Spoofed or forged email is a common problem these days. Here's how it works. The spoofer changes the settings in his or her email program to a fake name and "return to" address. When mail from the spoofer lands in your inbox, you see the fake name and email address. It may look legitimate, for example, it might be something like email@example.com or firstname.lastname@example.org. It might seem to be from your bank or some company where you have an account.
If it looks at all strange, delete it without opening it. This is because some spoofed emails contain worms that send more spamming emails to everyone in your address book once you open them.
If you do open the mail, you may be asked to click a link to a bogus website and supply some sort of sensitive information such as a PIN number, account number, social security number, or password. Don't do it! If it's a request for you to send money somewhere in order to receive big bucks in return, don't do it. Hit delete.
As for BlogHer, there are very few people who could send you email from blogher.org, and I think you know who they are. Even if it's a name you know, if the request sounds fishy, it IS fishy. No one at BlogHer is going to ask you to reveal anything like an account number, threaten you with suspension if you don't supply some sensitive bit of information, or do anything even slightly off kilter.
You can report these spoofing violations to the real organization that is being spoofed in hopes that they can figure out who the culprit is. If you do that, you need to include the Internet headers. The headers give every single hop the mail made along the way from the spoofer to you. Sometimes it can be traced back to where it originated.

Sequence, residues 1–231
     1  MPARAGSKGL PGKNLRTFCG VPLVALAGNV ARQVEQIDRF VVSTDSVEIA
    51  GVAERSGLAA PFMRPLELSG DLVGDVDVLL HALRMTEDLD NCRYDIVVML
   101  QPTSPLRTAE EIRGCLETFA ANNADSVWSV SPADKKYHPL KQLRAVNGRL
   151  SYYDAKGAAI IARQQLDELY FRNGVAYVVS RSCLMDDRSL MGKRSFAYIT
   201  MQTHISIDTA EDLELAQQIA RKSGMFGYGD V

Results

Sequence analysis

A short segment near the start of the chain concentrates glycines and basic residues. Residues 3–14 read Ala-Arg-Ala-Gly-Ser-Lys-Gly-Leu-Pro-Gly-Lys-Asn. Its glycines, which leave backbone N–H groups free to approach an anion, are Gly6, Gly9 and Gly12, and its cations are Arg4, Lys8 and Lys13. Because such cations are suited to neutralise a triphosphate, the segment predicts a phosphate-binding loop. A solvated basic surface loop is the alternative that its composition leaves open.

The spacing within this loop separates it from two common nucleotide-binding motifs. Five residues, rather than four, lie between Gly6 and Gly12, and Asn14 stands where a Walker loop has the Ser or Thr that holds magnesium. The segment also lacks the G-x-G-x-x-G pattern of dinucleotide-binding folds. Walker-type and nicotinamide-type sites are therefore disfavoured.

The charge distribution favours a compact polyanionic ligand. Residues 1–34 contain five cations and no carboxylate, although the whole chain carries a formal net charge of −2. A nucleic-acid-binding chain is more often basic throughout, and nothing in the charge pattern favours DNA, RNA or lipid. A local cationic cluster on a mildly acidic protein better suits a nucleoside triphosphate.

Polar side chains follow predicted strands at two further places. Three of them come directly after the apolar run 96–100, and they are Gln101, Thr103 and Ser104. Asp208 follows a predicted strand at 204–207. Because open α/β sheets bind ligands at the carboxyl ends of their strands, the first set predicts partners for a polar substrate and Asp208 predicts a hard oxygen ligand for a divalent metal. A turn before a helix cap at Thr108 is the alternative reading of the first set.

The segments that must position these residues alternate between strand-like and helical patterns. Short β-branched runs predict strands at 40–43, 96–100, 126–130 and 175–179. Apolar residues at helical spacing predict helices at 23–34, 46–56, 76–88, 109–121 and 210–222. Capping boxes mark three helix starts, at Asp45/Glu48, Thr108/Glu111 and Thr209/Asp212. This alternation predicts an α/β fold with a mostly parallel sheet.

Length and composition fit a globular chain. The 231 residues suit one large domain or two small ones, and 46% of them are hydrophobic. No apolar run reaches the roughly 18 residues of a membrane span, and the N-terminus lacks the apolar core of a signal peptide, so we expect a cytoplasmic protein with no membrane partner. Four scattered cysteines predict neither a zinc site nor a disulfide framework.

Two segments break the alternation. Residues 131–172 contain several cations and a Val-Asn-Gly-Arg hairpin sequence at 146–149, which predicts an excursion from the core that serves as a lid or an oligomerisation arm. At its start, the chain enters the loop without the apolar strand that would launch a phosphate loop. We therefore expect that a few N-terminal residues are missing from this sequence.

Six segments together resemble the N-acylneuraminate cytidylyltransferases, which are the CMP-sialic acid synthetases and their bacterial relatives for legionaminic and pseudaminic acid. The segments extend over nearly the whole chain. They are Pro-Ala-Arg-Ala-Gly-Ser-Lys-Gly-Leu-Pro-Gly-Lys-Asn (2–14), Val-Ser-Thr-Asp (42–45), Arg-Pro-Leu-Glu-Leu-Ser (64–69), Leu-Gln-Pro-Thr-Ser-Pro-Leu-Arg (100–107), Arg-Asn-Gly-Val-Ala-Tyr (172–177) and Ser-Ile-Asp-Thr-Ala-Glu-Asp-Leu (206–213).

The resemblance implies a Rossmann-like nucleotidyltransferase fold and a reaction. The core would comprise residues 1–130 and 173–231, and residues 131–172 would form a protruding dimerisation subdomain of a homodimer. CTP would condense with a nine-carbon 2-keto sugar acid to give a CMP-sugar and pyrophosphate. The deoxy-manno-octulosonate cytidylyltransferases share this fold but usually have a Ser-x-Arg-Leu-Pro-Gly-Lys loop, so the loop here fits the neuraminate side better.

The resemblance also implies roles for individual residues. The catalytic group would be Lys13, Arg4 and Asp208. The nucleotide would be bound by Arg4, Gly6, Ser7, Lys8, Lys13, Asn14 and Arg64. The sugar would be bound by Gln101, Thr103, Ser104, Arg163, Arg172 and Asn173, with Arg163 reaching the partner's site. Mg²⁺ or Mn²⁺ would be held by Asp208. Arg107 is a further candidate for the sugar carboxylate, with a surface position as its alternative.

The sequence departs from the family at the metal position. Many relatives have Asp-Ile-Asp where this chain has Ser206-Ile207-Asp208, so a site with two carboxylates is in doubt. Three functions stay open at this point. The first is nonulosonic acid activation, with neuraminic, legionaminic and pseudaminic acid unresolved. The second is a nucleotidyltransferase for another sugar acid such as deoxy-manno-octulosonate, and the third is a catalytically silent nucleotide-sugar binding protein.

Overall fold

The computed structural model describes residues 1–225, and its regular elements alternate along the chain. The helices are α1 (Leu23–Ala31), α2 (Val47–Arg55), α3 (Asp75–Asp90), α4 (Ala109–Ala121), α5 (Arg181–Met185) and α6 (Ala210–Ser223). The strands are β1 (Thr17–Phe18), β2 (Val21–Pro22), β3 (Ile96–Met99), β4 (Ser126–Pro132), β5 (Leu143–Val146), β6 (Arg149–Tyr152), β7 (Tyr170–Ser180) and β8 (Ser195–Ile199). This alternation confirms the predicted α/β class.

Different email applications have different ways of revealing the headers to you. Some have it in the View menu as View > Headers. Some have an option like View Source that will show them. You'll know you found it if you see a bunch of odd looking text like that in this image.
That's from a real email, so I greyed out a few bits of it, but you get the idea.
In addition to letting the real organization know what's going on and providing them with the Internet headers, there are some pretty technical preventative measures. These measures should be taken by a mail system administrator, not by you individually. You can see some preventative steps at The CERT Coordination Center at Carnegie Mellon University. A Windows Security article on email spoofing supplies similar technological solution ideas. If you're getting a lot of fake email, you might check with the account administrators to see if these technical measures are in place for your system.
A habit of mine is to look over my inbox each time mail arrives and delete everything that doesn't look right before I start reading anything. Then I don't accidentally open something because it was the next piece of mail in my inbox once I start reading mail.
Yahoo!, Gmail, Comcast, Roadrunner and all the other mail service providers out there are doing their utmost to catch spam and keep it out of your inbox. But sometimes things get through. You are the last line of defense. Be ready.
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